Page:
Peripheral neuropathy

I was diagnosed with Parkinson's one year ago. In December started having severe pain in my left leg. My primary care doctor just ordered a nerve study which confirms peripheral neuropathy. Does anyone have this also? If so, what treatment or medications are used? My neurologist cannot see me for several months. I have had a problem finding a neurologist that will work with me. I have an appointment with another neurologist in August,. Any ideas for some pain relief will be appreciated.

20 Replies

  • Have you tried an electronic muscle stimulator I bought one a few months ago called circulationmaxx and it really did help with some terrible leg cramps that I used to get and still do occasionally. this one cost about £75 but it was well worth it.

    I don't profess to know why it works but it does for me.

  • Do you have any other condition besides Parkinson's as this is not a usual sign of Parkinson's. Usually associated diabetes or smokers? Dystonia and cramps are common p,ace in Parkinson's especially young onset but peripheral neuropathy is a separate condition with an underlying cause. There are usually pain clinics you can be referred too as it can be a difficult pain to treat.

  • I have seen other people with PD write about this problem. The relationship of nerve problems with PD seems to be only recently researched.

    Here is one article about it.

    They find 58% of PD patients had peripheral neuropathy but only 9% of people without PD.

    Isis what do you think about this article.?

    Another, I can't access full article.

  • You shouldn't have to wait that long to be seen. Does your insurance limit the doctors you can see?

    Here's what the Mayo Clinic says:

  • I was diagnosed with PD in 2005 ,in 2012 diagnosed with Peripheral Neuropathy in my left arm and hand,and prescribed Amitriptyline 50mg. then in 2014 'twas diagnosed with it again in both feet ,nothing further prescribed but advised to take Vit D.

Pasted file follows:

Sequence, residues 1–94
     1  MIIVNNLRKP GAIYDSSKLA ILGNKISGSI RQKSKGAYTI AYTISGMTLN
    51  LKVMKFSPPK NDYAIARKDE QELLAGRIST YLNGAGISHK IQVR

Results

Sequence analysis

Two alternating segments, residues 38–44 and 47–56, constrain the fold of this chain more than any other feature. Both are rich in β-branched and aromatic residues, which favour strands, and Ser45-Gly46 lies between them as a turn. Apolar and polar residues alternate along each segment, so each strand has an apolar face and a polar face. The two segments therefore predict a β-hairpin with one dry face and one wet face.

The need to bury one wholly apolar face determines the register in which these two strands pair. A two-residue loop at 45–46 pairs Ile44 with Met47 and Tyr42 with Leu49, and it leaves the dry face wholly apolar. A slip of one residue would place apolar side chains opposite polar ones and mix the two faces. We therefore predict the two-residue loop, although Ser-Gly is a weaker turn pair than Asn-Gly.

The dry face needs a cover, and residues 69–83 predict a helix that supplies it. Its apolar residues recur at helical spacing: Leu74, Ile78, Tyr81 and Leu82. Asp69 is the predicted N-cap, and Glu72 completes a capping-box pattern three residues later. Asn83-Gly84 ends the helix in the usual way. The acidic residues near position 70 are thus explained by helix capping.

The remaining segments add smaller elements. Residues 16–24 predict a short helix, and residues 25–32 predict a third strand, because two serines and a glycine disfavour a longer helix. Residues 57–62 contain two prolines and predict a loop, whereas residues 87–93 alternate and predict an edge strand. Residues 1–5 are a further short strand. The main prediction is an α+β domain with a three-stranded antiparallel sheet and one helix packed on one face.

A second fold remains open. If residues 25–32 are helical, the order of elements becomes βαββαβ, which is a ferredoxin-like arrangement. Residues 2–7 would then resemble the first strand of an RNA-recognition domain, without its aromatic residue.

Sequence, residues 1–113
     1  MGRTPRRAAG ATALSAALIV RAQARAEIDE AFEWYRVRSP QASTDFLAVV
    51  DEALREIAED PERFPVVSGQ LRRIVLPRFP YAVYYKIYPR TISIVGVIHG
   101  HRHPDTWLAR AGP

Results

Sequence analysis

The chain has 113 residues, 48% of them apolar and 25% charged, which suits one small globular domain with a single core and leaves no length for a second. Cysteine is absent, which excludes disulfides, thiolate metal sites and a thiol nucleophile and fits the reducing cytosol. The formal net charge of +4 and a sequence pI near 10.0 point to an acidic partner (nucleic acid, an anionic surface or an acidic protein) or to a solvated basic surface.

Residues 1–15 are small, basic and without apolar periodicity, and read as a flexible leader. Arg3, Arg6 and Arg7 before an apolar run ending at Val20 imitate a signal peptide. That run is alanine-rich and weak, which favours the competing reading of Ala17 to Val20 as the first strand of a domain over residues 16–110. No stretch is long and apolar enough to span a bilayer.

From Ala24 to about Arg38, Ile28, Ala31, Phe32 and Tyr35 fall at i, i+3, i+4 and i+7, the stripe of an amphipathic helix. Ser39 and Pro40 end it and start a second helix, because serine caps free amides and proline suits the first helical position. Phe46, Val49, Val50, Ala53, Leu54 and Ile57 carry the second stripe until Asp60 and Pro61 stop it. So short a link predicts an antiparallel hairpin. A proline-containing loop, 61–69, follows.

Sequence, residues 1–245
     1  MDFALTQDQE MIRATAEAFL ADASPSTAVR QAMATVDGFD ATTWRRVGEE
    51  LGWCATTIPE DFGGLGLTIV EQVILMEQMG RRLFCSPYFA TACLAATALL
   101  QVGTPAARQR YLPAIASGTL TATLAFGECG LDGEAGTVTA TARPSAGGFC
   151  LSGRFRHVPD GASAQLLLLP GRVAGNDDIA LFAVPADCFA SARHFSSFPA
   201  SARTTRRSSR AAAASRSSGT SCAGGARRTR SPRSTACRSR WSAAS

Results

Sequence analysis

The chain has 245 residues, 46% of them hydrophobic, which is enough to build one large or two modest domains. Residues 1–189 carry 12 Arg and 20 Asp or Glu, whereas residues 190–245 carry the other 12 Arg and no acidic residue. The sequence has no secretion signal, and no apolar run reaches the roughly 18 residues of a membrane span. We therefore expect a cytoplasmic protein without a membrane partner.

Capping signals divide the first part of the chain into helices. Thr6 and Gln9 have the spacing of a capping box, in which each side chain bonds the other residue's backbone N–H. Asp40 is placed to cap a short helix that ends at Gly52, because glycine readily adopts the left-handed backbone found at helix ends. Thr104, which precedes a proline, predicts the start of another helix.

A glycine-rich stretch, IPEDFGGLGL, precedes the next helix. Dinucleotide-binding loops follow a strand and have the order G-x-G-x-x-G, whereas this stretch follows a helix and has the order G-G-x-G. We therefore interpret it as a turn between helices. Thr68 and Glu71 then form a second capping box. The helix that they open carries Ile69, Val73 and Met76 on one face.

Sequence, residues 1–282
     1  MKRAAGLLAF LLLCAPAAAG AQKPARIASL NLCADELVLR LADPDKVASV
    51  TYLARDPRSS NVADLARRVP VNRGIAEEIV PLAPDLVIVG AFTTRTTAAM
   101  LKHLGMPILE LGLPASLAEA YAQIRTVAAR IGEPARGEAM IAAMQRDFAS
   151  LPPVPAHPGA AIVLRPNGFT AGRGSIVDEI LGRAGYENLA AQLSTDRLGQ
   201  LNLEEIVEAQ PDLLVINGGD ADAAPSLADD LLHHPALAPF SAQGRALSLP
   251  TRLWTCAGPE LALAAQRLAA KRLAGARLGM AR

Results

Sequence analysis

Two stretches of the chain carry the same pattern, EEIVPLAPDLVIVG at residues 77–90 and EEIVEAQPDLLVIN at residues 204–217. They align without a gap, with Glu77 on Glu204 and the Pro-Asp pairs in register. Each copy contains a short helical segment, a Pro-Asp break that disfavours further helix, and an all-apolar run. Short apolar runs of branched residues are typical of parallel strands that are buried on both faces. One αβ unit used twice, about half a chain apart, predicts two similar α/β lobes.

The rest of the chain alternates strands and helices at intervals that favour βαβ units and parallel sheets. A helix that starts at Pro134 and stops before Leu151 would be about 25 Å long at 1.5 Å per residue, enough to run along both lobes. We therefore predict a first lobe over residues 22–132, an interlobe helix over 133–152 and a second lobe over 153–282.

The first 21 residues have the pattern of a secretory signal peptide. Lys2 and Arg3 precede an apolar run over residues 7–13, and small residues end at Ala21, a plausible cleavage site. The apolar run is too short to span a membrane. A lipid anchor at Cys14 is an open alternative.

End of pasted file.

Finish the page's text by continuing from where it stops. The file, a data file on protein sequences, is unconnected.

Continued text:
• I was diagnosed with a

  • I was diagnosed with b12 deficiency which is what they felt caused the neuropathy. I was started on neurontin which helped at first, when I got horrible pain in my feet I was given Meloxicam, an anti inflammatory med which took away the pain. A primary can order this for you. B12 deficiency is very common with parkinsons so I would see if they have checked this for you.

  • I have Post Polio Syndrome as does my husband who also has Parkinsons. We have peripheral neuropathy and some years back was advised by a Neuro Physiotherpist that with polio and weaker muscles in our legs they could not work as well to get the waste products in our blood back to our heart and out... She said whenever you can get your feet up. This proved valuable advice and has been passed on and on... Any day that I am at a meeting, or driving all day or flying then I suffer in the evenings and night... Get my feet up every time I sit down, recliner chair.. and 90% less. Hope this helps others as well.

  • Peripheral neuropathy is a symptom of b12 deficiency which is often left untreated or under streamed due to issues of testing. There are some studies that indicate older people on long term levodopa treatment are more likely to develop folate and b12 deficiencies. If you get tested and your results come out at the low end of the reference range for either you need to have further tests to ascertain whether you have pernicious anaemia. If you do have a deficiency it's vital it is tested, peripheral neuropathy is a neurological sign which means you have more than just a dietary deficiency. Once started on treatment, if you do have PA you will need an injection every so often for life. The time between injection will vary according to what kind of b12 you are given, andvthatvwill depend on where people you are. It should be one of the things your doctor rules out with a diagnosis of PN, but awareness isn't that great. There's a good group, the pernicious anaemia society or PAS on this site, where you can find out more. Good luck finding your answers.

  • Expensive but works ...laser. Find a chiropractor who uses them and see if it works for you before you fork over to buy your own. Ours is TQSolo and costs about $2000. Does great stuff.

  • Forgot to say that a very resistant friend had neuropathy so bad he could hardly walk and even though he lives in a NY townhouse and is loaded, would not consider it. Finally I nagged him up the point he asked his rehab guy about it and lo and behold, rehab guy had one and it proved successful for our friend. Did he buy his own? No. He's eccentric.